The recent arrival of more than 50 refugees from the DRC and Burundi to Katima Mulilo raises questions during a pandemic. What is our adjusted policy to deal with untested, non-quarantined asylum seekers that rock up?

As much as Namibia is noble for welcoming Africans running for their lives from violence in their home countries, the government’s first obligation is the safety and security of its own people. The influx of untested people that lack the capacity to follow national protective measures (no masks, no social spacing, and no handwashing) carries a risk for Namibians. Can we be our brother and sister’s keeper in the time of COVID-19?

During the struggle against apartheid and the resistance to German colonialism, tens of thousands of Namibians escaped into bordering countries. Our people went over the borders in those days with nothing, praying that local people would assist them. In most cases, they received enough help to survive. This is one reason why Namibia since independence has worked closely with the UN High Commissioner for Refugees, NGOs, church agencies and neighbouring countries on refugee affairs.

While the programs offered by budget-starved Namibia over the past 30 years are far from perfect, they are the best we can do with what we have. The question to be re-examined, however, is whether it possible to hold the ‘welcome’ signs up, when those seeking help could enter with COVID-19?

These same questions were asked in years gone by when people were fearful about HIV/AIDs or Ebola.

No one can predict when and where refugees will enter. Stopping them at border crossings is a way of providing services. However, many do not go to official border crossings. They don’t have papers. Desperate and fearful people cross rivers and forests, sometimes at night, and enter Namibia quite easily. When they come into contact with local people during this pandemic, then what?

In rural areas, if any disease takes hold, the transmission will be like a veldt fire on a day of high winds in the dry season. The refugees AND the people living in the areas they enter are vulnerable. A significant number of our people in rural areas are undernourished, under-served in terms of regular medical and dental care. Some have pre-existing conditions that make them immune-compromised. What is the plan to manage this?

We hasten to add that the health threat is two-way. Namibians left cities in droves to return to their villages due to unemployment or fear of more lockdowns. Some have carried the disease into the rural areas. They could infect the refugees.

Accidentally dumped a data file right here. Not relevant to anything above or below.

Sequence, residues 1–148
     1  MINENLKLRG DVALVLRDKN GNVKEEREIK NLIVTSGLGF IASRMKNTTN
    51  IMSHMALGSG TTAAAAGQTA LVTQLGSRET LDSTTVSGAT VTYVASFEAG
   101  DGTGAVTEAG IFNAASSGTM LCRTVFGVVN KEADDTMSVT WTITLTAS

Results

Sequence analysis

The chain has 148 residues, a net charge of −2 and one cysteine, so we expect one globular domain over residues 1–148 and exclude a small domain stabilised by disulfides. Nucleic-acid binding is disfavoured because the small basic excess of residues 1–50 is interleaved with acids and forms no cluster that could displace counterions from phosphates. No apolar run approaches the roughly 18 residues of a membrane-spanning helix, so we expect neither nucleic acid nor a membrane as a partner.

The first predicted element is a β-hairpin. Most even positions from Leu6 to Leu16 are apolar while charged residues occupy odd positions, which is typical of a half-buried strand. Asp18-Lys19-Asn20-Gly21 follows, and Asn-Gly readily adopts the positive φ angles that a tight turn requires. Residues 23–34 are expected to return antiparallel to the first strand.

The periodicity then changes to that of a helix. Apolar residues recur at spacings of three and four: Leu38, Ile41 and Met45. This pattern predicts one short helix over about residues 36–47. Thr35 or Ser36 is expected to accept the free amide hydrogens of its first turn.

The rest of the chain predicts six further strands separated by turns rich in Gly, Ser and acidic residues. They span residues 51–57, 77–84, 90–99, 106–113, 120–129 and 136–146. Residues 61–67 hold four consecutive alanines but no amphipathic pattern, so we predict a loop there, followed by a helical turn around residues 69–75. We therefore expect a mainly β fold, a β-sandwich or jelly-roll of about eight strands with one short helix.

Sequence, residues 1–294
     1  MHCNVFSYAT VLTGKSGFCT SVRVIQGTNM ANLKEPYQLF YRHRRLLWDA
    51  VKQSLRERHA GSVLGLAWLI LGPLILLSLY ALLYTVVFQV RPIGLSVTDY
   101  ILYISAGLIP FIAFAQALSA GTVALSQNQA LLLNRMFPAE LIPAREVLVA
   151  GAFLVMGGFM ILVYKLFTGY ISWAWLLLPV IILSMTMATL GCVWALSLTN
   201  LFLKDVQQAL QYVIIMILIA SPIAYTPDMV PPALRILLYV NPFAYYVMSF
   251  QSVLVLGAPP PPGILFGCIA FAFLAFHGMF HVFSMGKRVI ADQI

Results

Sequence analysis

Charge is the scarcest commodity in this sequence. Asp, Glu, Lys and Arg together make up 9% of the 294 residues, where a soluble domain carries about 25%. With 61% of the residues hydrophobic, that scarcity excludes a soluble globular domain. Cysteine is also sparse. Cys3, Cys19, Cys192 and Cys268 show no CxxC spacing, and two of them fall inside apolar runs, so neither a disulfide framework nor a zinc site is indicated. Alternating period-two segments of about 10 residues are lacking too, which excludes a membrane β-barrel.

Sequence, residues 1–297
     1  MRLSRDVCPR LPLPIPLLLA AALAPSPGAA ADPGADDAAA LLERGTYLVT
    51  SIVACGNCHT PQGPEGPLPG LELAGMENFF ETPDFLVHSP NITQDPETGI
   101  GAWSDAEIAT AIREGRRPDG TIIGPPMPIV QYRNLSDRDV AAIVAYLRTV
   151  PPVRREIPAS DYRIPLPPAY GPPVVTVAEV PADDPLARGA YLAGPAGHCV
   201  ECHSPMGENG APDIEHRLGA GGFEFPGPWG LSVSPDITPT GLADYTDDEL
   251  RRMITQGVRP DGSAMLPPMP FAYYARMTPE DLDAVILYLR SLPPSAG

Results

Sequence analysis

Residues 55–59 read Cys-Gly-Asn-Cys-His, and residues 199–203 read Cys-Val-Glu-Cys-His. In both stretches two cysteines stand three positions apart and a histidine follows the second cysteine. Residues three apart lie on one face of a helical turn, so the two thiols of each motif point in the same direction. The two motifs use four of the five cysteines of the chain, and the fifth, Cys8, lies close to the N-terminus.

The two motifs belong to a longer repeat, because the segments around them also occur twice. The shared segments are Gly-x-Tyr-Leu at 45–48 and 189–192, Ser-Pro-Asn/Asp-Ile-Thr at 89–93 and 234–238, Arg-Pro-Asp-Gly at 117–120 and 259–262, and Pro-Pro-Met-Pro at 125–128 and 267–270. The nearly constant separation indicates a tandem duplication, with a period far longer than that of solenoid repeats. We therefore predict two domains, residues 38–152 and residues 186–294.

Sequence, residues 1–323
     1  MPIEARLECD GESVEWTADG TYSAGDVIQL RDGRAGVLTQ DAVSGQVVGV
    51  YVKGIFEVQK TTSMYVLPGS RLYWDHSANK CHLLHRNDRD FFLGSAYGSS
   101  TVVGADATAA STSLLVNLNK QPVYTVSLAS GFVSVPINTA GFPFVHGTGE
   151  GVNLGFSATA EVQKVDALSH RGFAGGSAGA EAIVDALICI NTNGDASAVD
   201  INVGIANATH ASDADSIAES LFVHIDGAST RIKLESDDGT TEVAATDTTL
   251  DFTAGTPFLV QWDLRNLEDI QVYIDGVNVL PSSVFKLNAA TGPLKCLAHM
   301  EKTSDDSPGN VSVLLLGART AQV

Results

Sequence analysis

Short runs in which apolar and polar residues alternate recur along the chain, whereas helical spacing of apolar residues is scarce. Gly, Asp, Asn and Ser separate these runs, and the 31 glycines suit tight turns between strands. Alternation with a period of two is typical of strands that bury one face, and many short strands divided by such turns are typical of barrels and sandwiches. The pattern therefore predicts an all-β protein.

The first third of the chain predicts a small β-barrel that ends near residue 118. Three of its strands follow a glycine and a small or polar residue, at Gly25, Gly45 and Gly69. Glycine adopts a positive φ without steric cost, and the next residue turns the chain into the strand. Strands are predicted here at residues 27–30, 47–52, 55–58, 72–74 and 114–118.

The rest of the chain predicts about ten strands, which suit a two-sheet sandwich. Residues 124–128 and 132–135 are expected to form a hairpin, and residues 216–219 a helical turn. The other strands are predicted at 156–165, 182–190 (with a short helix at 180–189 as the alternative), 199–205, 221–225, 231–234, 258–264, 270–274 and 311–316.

We also have concern for our border patrols and immigration officers who are exposed to untested people and then go home to their families. How are we protecting our first responders and official staff?

Where is the national information program for people in the bordering areas of the country regarding interactions with those using unofficial entry points? Or, in true Namibian form, shall we wait until disaster strikes and only then run around in a panic to do something.

What has the UN High Commissioner on Refugees done to assist Namibia in financing COVID-19 testing, quarantine, contact tracing and protective equipment for refugees? Surely there a UN pandemic protocol for refugee centers?

Being a refugee is a nightmare existence and comes with perils most of us should thank God we never know. We do not raise this issue out of nationalistic self-preservation, but out of human concern for all involved.

Some former refugees refuse to return to their homes years after the danger has subsided. Some of their hesitation is because the monetary and material support given by the UN is better than what they will face in their home countries. Yet, it is also true that some carry psychological scars caused by the trauma and violence they escaped when they ran for their lives. The refugee issue has ever been a dilemma.

With the pandemic, that dilemma has been rendered even more complicated.

Government must let the nation know the new normal plan for receiving refugees during the pandemic. Inform our people about what to do when refugees pop-up amongst them without quarantine or protective equipment. The health of our own people and that of the refugees are at risk if we do nothing.